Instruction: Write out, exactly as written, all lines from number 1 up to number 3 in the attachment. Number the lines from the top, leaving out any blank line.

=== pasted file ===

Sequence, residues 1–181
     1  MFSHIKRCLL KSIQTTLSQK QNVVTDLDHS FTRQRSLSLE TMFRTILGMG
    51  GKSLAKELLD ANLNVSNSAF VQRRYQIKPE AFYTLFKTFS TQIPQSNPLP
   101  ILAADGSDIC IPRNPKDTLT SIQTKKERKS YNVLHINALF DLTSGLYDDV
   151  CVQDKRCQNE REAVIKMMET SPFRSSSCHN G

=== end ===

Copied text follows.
Sequence, residues 1–181
     1  MFSHIKRCLL KSIQTTLSQK QNVVTDLDHS FTRQRSLSLE TMFRTILGMG
    51  GKSLAKELLD ANLNVSNSAF VQRRYQIKPE AFYTLFKTFS TQIPQSNPLP